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Unsteadiness – Neither Cerebellar Nor Vestibular

  • Ross Nortley
  • Zane Jaunmuktane
  • Sebastian Brandner
  • Hadi Manji
Chapter

Abstract

A 61 year old man presents with slowly progressive balance difficulties and numbness in the lower limbs. Neurological examination is consistent with a sensory ataxia. Investigations reveal positive anti-GD1b antibodies with modestly elevated CSF protein. EMG and nerve conduction studies demonstrate a mild large-fibre axonal motor-sensory neuropathy with no demyelinating features. MRI reveals bilateral thickening of the lower brachial plexus with possible enhancement of affected nerves. Lower limb SSEPs are undetectable and prove to be the key investigation in localising the region of pathology to make a diagnosis.

Keywords

Acquired inflammatory polyradiculopathy Dorsal columns Dorsal root entry zone Dorsal roots Dorsal root ganglia Proximal sensory immune polyradiculopathy Sensory nerves Sensory ataxia Somatosensory evoked potentials (SSEPs)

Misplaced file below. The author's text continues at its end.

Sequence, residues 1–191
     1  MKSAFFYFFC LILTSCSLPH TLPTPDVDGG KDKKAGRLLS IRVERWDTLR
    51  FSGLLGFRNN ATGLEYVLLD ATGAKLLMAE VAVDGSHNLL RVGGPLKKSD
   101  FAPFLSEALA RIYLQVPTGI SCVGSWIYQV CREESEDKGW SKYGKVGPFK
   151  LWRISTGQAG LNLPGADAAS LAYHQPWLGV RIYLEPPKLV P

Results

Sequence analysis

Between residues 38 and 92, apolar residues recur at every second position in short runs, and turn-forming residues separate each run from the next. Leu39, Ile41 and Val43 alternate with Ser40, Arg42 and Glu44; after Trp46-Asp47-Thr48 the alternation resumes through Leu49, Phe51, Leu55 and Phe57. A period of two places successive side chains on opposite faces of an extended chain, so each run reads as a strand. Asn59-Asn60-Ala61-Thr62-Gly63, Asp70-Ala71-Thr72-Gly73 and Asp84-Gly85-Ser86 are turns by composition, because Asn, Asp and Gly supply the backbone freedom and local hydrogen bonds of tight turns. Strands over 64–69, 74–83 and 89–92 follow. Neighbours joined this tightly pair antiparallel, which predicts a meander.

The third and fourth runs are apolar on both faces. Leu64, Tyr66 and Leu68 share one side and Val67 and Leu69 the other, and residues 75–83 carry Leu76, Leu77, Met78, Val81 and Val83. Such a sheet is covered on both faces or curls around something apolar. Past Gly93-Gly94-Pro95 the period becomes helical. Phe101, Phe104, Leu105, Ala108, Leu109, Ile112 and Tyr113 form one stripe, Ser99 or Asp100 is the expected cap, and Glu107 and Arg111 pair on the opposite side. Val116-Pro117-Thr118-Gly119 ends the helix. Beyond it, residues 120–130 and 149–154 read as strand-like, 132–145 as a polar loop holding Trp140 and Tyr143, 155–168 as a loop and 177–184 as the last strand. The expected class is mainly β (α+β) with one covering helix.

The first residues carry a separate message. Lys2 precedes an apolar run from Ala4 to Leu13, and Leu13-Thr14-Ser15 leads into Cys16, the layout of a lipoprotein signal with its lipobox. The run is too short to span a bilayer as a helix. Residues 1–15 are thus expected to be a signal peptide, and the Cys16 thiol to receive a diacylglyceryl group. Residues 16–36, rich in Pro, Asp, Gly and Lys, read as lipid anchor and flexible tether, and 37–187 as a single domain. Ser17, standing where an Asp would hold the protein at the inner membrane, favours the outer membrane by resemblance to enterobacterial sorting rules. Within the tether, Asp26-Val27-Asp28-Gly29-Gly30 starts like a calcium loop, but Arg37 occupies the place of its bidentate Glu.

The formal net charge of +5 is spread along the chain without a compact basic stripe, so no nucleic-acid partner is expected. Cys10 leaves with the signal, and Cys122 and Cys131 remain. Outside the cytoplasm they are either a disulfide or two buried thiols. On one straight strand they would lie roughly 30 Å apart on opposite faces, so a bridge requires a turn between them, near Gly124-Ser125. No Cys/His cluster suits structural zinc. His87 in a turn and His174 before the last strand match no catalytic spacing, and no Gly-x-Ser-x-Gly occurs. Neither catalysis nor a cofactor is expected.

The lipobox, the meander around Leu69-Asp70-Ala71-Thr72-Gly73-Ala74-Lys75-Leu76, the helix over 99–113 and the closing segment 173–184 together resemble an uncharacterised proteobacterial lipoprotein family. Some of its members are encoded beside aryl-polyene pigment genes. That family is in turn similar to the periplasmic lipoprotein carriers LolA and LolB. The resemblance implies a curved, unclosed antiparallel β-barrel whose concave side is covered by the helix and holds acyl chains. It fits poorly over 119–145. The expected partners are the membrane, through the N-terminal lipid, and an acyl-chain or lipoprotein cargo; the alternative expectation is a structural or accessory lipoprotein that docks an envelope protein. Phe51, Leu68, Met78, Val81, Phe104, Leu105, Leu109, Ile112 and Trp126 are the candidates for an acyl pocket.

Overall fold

References

  1. Chhetri SK, Gow D, Shaunak S, et al. Clinical assessment of the sensory ataxias; diagnostic algorithm with illustrative cases. Pract Neurol. 2014;14:242–51.CrossRefPubMedGoogle Scholar
  2. Sinnreich M, Klein CJ, Daube JR, et al. Chronic immune sensory polyradiculopathy: a possibly treatable sensory ataxia. Neurology. 2004;63:1162–9.CrossRefGoogle Scholar

Copyright information

© Springer-Verlag London Ltd. 2017

Authors and Affiliations

  • Ross Nortley
    • 1
  • Zane Jaunmuktane
    • 2
  • Sebastian Brandner
    • 2
  • Hadi Manji
    • 1
  1. 1.MRC Centre for Neuromuscular Diseases, National Hospital for Neurology and NeurosurgeryLondonUK
  2. 2.UCL Institute of Neurology and The National Hospital for Neurology and NeurosurgeryLondonUK

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